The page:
Lea Ahlborn was a medal engraver and the first woman to be appointed to a civil service job in Sweden.
Lea Ahlborn’s father was Ludvig Lundgren, an engraver for the mint. Her mother was an artist. During her childhood Lea Ahlborn displayed a serious interest in art and received instruction from her parents. In 1849 she was given special dispensation, because she was a woman, to attend formal teaching as an extraordinary student at Konstakademien (the Royal Swedish Academy of Fine Arts) in Stockholm. Her teacher at the academy was Carl Gustaf Qvarnström. He encouraged her in her efforts, and, once she had completed her studies, Lea Ahlborn and her brother Pehr Henrik accompanied Qvarnström to Paris, where she continued her learning. In Paris she worked for the sculptor Toussaint, the coin engraver Barre, and the medal engraver Johan Salmson, who was also her maternal uncle.
Lea Ahlborn’s father died in 1855 and her brother passed away shortly thereafter. It had originally been intended that her brother would succeed her father as an engraver for Kungliga Myntverket (the royal mint). Given that no other male successor was present Lea Ahlborn got the job. She thereby became the first woman to be appointed to a position in the Swedish civil service. For the next four decades she was responsible for creating all Swedish coins, during which time she also designed more than four hundred commemorative and merit medals.
Lea Ahlborn kept herself abreast of developments in her profession and contributed to the development and improvement of Swedish medal engraving. She created the stamps for every Swedish coin produced during the second half of the 1800s as well as the majority of medals —around four hundred — which were made in the country during that same time period. She also undertook work on behalf of other Swedish institutions such as Svenska Akademien (the Swedish Academy), Vetenskapsakademien (the Academy of Sciences), and Kungliga Sällskapet Pro Patria (Pro Patria royal society). She further engraved the stamps for Norway’s gold coins and produced the first run of Finnish coins, following Emperor Alexander II’s 1860 decree that the markka would be the Finnish unit of currency.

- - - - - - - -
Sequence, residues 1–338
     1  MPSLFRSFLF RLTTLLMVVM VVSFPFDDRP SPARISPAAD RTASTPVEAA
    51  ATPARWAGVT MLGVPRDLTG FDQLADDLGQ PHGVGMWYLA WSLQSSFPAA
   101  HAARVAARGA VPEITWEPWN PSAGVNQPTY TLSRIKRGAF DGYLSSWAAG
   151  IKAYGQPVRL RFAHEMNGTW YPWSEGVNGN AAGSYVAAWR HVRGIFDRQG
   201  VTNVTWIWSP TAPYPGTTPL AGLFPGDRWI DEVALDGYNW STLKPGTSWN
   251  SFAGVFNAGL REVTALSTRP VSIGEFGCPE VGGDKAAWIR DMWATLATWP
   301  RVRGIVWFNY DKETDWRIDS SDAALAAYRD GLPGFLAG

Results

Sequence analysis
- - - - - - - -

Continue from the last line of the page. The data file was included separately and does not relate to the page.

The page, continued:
Of note are also the medals she created to commemorate the Swedish royal couple’s silver wedding anniversary in 1873 as well as the 400th anniversary of the founding of Uppsala university in 1877. Her overseas commissions included crafting medals to mark the 100th anniversary of the ending of the American Revolutionary War in 1883 as well as the 400th anniversary of Columbus’ ‘discovery’ of America in 1892. Her final piece of work was a self-portrait which she made in 1901.
Lea Ahlborn was elected into Konstakademien as a member in the same year that she was appointed to her position at Kungliga Myntverket. She became a member of Kungliga Akademien för de fria konsterna (the Royal Swedish Academy of Fine Arts) in 1881. She became an honorary member of the Imperial Academy of Arts in St Petersburg in 1878. She also received several medals herself, such as the Litteris et Artibus in 1863 and the Illis quorum in 1883.
Due to her being the first woman to gain a civil service position in Sweden, an intense discussion arose around the time of her nearing the pension age, concerning whether she should be entitled to continue to receive two-thirds of her salary, a benefit awarded to her male counterparts. The discussions regarding her pension involved Myntdirektionen (the executive at the mint), Statskontoret (an authority connected to the state treasury) and Statsutskottet (a parliamentary committee), and was also brought up in parliament. The issue was never resolved, as Lea Ahlborn was still working when she died of a brain haemorrhage in 1897.